Building a Lime Kiln is not quite as difficult as one might believe. A university student contacted me for help (when his dissertation was due) and apart from the use of lime, he also enquired about lime kilns. Rather than describe the process, I showed him how to build a simple kiln. The local stone in Hampshire is chalk and some was burnt in the kiln, which was fired on the same day that the kiln was built (not good working practice). Once burnt, the lime was recovered and slaked the following morning. Limestone is calcium carbonate, and during the firing process any water in the limestone is driven off together with the carbon dioxide. Once fired the product converts into calcium oxide, (sometimes referred to as ‘quicklime’, burnt lime’ or ‘lump lime’). When slaked in cold in water (never hot water as the exothermic reaction can be very violent), the lime putty is stored away from the air, either in a sealed container or under water. Once the lime putty is mixed with an appropriate aggregate, the resulting mortar is suitable for bedding masonry, plastering and rendering. It should be noted that once exposed to the atmosphere it cures by absorbing carbon dioxide.
THE KILN built with lime putty mortar 19 YEARS ON
The selection of a suitable aggregate was emphasised and a simple illustration given to show how dependant the resulting mortar can be on the choice of the material. A simple guideline is to determine the proposed mortar joint size (on modern brickwork the joint is often 10mm, rather than the 5mm. we find on historic buildings). Divide the proposed joint size by three to determine the maximum particle size, and the choice of aggregate, which is sharp in particle profile, and well graded through the range to fines. It is also most important to ensure that the water added to the mix is clean. Traces of clay or other contaminant can reduce the performance of the mortar. Whether it is a lime mortar or cement mortar, both products contain water. When water freezes it expands in volume by about 9% and the latent force is sufficient to disrupt brick and stone work to the point that a rebuild is necessary.
On site, it is recommended that a thermometer and humidity metre, are placed close to where the work is being carried out. Immediately after signing the day book each morning, the site manager should record the readings. A second reading should be made at midday and a final reading before the manager leaves site. A glance at the readings will indicate whether there is a need to protect the work. One important point, check that the thermometer has been placed properly as in one case, I found that the work was on the east wall but the thermometer had been placed on the west wall!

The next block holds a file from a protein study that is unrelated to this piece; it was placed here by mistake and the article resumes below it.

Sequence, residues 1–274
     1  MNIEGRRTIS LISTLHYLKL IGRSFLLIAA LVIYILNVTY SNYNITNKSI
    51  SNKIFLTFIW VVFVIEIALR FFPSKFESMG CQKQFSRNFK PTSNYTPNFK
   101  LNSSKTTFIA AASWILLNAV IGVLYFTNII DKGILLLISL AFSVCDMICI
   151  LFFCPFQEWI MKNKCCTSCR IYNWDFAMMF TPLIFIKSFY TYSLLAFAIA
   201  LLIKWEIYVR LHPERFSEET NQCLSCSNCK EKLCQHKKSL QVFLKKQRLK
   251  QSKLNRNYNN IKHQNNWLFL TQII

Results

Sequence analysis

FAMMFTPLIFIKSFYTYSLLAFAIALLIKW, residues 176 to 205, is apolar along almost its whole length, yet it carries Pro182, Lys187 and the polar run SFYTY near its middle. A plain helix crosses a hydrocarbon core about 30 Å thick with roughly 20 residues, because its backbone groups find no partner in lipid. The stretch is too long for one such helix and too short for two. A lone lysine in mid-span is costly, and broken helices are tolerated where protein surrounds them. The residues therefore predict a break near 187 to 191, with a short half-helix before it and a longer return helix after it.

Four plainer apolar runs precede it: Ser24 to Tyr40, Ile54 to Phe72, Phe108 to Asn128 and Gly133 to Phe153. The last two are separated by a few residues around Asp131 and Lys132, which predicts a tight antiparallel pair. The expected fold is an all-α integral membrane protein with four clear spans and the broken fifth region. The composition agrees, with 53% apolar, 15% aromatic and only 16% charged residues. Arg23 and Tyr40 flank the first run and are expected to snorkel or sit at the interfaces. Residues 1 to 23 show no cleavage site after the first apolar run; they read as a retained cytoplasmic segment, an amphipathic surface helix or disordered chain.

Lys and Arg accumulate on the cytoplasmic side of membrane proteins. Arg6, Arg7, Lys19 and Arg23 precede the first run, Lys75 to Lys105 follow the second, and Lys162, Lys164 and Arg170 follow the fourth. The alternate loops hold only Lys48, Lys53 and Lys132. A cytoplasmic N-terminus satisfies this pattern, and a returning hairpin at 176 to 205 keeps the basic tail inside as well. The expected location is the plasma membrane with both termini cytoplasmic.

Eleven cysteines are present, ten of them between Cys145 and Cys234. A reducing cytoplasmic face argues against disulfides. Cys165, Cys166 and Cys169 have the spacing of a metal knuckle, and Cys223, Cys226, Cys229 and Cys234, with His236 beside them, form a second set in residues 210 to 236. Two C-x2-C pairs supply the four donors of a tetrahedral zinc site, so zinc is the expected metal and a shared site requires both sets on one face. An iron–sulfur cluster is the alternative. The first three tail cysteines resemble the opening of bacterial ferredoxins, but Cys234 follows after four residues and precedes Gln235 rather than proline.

Any mortar contains a proportion of water and if this freezes it will disrupt the work. The simple rule is:- Make sure that you have 5 degrees and rising, with no risk of frost for 28 days. If for some obscure reason you are forced to work when the weather is not on your side, write to the client disclaiming any responsibility for spoilt mortar.
The suggestion that a hot air blower or other form of forced drying will ‘dry the mortar’ faster is quite correct, it will dry the mortar, but it is likely to inhibit the cure as the natural process of absorbing carbon dioxide will be affected.
A sheet of polythene may not suffice as protection, if it is too close to the surface of the mortar, as it will inhibit the transfer of vapour. Hessian is also vulnerable to damp from the mortar which will inhibit the ability of the mortar to dry naturally. The underlying message is that work should not be carried out when temperature and humidity are not suitable. Forced drying of the mortar will increase expenditure and will never guarantee success or a satisfied client.
Straw bale ‘Llama house’
Test results carried out in accordance with BS459 and the European Norms show that lime mortars more than equal Portland Cement in several ways.
Always keep in mind that solid masonry walls need to breathe. Serious damp problems can follow if permeability is inhibited.
Limewash is permeable and has a dual refractive index. Using modern impermeable paint on historic buildings is never a good idea. This straw bale ‘Llama house’, (built 18 years ago on one day), is lime rendered and lime washed. On a cold, misty winters day the limewash almost glows.
This paper was written and presented at a CPD Conferences Course by R. H. Bennett M.B.E.
Bob was a much respected long time presenter at CPD Conferences courses, and is sorely missed since passing away in early 2017.